As the global recession deepens, the big question is whether we will see a repeat of the protectionist and nationalist policies that marked the Great Depression era.
In the US, President Obama had to temper down Congress’s Buy American provisions to ensure that that the US stance is not misinterpreted. But he is under pressure to consider greater forms of protectionism.
The UK Prime Minister Gordon Brown addressed the US Congress yesterday, and tried to support a pro-globalization position. But he is also under pressure. Anti-immigrant sentiment is rising in Britain. Demonstrations have taken place even against fellow workers from other EU countries.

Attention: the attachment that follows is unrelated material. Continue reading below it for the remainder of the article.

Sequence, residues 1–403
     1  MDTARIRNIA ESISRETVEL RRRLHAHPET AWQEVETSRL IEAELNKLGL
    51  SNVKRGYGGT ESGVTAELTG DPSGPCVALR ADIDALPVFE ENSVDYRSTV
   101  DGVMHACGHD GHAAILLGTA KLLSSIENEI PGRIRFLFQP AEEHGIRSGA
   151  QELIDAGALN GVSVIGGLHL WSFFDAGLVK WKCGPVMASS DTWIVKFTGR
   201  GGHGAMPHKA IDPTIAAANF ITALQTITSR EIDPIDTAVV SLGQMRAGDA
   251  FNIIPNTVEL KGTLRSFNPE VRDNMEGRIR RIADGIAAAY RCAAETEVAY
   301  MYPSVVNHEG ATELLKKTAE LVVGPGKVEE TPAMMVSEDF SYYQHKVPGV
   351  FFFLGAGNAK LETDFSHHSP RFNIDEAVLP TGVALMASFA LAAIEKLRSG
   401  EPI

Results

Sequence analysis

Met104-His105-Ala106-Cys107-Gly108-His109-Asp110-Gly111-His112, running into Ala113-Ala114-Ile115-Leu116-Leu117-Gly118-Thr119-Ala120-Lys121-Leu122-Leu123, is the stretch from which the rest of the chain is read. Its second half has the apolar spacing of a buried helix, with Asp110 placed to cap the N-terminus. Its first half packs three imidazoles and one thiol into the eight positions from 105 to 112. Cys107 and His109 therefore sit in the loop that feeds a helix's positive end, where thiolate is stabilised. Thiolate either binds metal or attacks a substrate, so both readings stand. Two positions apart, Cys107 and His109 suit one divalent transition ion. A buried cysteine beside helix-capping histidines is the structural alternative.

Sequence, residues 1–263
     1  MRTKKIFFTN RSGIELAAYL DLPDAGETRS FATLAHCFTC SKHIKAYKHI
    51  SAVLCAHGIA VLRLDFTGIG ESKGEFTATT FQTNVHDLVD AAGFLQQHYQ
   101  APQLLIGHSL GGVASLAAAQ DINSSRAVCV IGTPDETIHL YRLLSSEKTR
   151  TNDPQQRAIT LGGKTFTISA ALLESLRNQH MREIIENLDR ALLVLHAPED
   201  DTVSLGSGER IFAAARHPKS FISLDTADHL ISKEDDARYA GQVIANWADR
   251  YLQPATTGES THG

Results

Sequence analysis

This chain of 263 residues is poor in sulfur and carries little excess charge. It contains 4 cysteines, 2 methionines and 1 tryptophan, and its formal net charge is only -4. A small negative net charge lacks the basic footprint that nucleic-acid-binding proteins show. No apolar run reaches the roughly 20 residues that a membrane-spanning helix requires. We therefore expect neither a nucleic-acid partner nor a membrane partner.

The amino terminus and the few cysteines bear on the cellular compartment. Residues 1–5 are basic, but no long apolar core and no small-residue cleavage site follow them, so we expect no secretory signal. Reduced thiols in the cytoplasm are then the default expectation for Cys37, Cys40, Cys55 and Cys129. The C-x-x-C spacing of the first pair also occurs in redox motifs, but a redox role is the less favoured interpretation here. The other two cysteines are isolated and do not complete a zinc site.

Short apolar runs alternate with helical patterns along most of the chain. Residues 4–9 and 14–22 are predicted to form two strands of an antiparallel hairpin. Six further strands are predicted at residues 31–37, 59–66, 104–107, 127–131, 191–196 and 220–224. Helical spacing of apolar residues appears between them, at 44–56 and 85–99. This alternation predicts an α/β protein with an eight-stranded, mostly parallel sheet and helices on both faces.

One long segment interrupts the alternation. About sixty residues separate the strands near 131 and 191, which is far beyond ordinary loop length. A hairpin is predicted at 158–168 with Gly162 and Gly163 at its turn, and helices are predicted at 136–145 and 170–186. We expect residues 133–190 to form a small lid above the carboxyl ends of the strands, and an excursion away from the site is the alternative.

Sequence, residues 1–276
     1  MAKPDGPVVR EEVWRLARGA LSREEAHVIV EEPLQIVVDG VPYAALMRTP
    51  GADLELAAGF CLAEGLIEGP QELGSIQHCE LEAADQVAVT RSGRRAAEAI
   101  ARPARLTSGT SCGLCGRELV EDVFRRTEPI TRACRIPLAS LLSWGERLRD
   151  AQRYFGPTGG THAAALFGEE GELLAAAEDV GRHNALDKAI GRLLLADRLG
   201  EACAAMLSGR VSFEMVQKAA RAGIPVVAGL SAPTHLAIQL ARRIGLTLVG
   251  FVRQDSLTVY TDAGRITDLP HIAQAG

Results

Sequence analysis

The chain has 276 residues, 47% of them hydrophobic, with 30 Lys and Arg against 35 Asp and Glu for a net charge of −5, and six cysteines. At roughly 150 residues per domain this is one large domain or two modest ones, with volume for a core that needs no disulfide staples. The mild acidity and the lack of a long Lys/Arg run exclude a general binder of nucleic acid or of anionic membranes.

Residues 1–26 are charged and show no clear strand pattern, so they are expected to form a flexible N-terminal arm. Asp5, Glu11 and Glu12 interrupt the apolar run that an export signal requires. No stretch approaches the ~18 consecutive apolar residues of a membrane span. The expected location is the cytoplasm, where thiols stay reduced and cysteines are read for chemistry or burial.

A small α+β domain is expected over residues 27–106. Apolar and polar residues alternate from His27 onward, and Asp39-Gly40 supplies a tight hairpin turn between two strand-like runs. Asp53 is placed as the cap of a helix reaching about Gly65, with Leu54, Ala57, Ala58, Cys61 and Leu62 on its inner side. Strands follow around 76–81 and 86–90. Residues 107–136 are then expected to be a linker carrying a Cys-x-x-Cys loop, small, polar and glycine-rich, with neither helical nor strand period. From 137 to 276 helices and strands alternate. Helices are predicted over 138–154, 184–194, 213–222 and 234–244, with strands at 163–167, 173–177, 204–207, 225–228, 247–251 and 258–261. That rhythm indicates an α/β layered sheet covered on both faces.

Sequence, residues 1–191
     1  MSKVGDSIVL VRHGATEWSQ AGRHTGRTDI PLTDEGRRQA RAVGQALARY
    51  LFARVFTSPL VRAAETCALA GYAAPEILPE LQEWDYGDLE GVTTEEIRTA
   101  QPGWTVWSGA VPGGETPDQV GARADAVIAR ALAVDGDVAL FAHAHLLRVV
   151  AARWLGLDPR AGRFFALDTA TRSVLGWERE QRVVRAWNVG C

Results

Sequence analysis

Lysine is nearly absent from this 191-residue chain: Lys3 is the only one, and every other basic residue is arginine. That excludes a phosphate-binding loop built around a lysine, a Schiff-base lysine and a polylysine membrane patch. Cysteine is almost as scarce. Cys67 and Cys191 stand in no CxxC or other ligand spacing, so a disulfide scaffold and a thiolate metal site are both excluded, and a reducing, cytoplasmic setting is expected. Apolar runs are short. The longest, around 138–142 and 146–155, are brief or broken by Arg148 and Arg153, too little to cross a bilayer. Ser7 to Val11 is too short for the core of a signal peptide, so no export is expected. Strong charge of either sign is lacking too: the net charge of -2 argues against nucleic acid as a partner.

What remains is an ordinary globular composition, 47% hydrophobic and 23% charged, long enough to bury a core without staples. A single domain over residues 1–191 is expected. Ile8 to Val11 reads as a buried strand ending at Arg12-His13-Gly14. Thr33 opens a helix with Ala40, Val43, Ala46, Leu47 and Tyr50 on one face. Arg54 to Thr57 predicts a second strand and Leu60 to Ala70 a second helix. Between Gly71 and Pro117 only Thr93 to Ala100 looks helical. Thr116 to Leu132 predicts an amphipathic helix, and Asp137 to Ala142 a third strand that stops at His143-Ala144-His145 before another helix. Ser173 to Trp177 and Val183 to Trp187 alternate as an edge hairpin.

Both Obama and Brown may be sheltered a little bit, for they don’t face immediate elections.
India is heading for elections next month. While the major parties, Congress and BJP, are pro-openness, fallout from the global slump may begin to empower the Bahujan Samaj Party, which draws more from the poorer classes and the lower castes. If BSP gets a bigger share of the electoral pie (which I think it will), then Indian policy will be under pressure to extend protection of the poor. Deficit spending will rise there as well.
It is unlikely that India will become protectionist. But it will have to diversify, because no matter how rosy its industry associations are sounding, FDI will continue to fall for the foreseeable future.